The city of Providence has a lot in common with Rome. Both are founded on seven hills. Both boast delicious culinary cultures. Both fall under the patronage of Saints Peter and Paul. Perhaps we don’t appreciate that last one enough. This Sunday we celebrate their common feast, a solemnity in the Church’s calendar. It is a special day for our diocese as well. These two martyrs are the principal intercessors for our local Church. We should look to their example and depend upon their prayers. We might ask specifically, “how would Saints Peter and Paul respond to the challenges in Rhode Island, especially those concerning the Church? What would they tell us to do?”
In our second reading this weekend, we find Saint Paul approaching the end of his life. He is a man without regrets: “I have competed well; I have finished the race; I have kept the faith.” He has a strong confidence that the “crown of righteousness awaits me.” Writing these words, of course, St. Paul is in prison. He is awaiting his execution. He will be reviled as a criminal, the object of public shame. Yet his confidence runs high. He is concerned only with the Lord’s judgment. He cares little for the opinion of the world (1Cor 4:3). He would certainly tell us to have the same attitude. It is far less important what people say about our faith, than that we keep it. It matters little what they say about us, as long as Jesus calls us friends: “you are my friends if you do what I command you” (Jn 15:14).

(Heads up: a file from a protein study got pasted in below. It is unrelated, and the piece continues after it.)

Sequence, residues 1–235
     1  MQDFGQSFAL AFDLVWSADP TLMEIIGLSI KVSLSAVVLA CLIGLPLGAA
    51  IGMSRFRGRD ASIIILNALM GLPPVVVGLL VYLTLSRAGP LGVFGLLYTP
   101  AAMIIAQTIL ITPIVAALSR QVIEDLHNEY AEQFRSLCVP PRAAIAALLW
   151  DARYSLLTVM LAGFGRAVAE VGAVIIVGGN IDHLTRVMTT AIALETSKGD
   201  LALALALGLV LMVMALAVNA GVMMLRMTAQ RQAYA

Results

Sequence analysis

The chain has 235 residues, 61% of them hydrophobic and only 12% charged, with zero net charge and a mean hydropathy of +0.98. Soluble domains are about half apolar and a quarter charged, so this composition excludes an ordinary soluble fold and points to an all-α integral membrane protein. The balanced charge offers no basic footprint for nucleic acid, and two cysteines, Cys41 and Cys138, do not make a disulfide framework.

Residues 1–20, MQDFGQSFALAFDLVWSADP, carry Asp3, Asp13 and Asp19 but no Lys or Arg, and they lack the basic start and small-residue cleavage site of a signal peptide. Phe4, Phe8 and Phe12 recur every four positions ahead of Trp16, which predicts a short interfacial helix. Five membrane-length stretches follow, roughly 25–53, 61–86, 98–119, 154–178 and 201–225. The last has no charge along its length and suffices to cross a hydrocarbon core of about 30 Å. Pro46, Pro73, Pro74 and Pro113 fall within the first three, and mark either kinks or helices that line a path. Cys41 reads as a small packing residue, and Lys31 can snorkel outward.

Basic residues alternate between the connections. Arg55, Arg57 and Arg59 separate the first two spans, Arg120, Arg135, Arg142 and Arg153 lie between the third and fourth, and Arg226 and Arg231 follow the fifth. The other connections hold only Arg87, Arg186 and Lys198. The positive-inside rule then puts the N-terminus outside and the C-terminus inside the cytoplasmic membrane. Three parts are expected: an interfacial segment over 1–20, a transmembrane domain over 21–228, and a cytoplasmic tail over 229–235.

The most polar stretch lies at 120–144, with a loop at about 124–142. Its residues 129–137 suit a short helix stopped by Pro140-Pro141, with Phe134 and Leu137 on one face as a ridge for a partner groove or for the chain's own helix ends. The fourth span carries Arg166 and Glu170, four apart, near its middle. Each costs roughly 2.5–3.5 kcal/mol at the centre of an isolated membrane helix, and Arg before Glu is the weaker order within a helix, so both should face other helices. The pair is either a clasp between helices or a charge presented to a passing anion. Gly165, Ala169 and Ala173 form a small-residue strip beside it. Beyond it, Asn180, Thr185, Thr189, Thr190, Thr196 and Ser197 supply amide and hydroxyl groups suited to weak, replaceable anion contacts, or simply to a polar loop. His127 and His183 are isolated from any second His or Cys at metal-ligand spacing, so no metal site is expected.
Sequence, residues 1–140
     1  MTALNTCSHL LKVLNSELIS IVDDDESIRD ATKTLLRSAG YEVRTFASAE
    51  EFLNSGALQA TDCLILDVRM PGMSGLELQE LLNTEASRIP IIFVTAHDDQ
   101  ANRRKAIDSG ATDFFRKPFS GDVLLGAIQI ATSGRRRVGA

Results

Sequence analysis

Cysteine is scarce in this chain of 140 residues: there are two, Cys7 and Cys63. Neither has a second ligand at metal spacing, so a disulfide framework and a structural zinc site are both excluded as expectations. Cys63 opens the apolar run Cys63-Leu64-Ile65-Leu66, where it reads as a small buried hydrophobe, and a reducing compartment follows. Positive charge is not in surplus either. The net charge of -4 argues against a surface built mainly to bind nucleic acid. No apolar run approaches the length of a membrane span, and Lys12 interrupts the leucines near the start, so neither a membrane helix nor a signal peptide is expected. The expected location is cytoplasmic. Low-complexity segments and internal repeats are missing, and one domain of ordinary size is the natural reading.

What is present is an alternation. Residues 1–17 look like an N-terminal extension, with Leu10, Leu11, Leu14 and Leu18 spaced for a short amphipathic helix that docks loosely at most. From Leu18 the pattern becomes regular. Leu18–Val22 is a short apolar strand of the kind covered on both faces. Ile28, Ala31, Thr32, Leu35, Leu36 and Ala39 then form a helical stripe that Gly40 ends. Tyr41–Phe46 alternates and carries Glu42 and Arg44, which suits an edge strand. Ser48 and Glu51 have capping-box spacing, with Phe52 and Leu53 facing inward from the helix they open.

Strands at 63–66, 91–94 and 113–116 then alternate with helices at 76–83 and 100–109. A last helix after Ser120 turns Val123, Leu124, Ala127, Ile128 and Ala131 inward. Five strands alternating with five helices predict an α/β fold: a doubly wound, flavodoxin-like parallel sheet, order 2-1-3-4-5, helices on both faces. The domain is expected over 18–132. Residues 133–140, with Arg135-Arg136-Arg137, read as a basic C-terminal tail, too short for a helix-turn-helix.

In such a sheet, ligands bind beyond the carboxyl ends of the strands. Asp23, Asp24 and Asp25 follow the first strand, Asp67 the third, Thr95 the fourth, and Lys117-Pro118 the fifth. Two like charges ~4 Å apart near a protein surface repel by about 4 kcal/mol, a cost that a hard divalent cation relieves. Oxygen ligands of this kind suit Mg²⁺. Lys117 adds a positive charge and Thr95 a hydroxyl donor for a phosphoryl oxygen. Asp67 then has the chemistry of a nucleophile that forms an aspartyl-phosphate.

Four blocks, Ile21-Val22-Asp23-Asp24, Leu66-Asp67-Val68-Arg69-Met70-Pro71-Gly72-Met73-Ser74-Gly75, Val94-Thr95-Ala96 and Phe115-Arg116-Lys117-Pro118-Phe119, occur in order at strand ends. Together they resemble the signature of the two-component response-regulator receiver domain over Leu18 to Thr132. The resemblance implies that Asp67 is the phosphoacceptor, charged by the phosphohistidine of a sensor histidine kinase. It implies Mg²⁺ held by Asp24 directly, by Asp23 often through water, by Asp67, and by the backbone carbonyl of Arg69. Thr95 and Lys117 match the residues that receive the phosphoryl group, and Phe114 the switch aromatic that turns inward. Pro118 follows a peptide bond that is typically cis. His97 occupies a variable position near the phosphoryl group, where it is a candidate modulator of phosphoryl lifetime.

In this Sunday’s gospel, Peter speaks the truth about Jesus: “you are the Christ, the Son of the living God.” He does so, not by his own power, but by divine inspiration: “flesh and blood has not revealed this to you, but my heavenly Father.” Jesus then calls Peter the rock upon which “I will build my Church.” This rock then is not founded on flesh and blood, but upon a divine pledge. Therefore, if Paul would tell us not to depend upon the opinion of others, Peter would tell us not depend upon ourselves. For the Church in Rhode Island, whatever the affliction or distress, it is only God who guarantees success and survival. But with his guarantee, who needs to look for another?
This year marks the 125th anniversary of the consecration of the Cathedral of SS. Peter and Paul in Providence. It is a great moment for our diocesan family, an opportunity to celebrate our history and look toward our future. The way forward lies in our foundations: persevering in the commands of God and placing all confidence in him.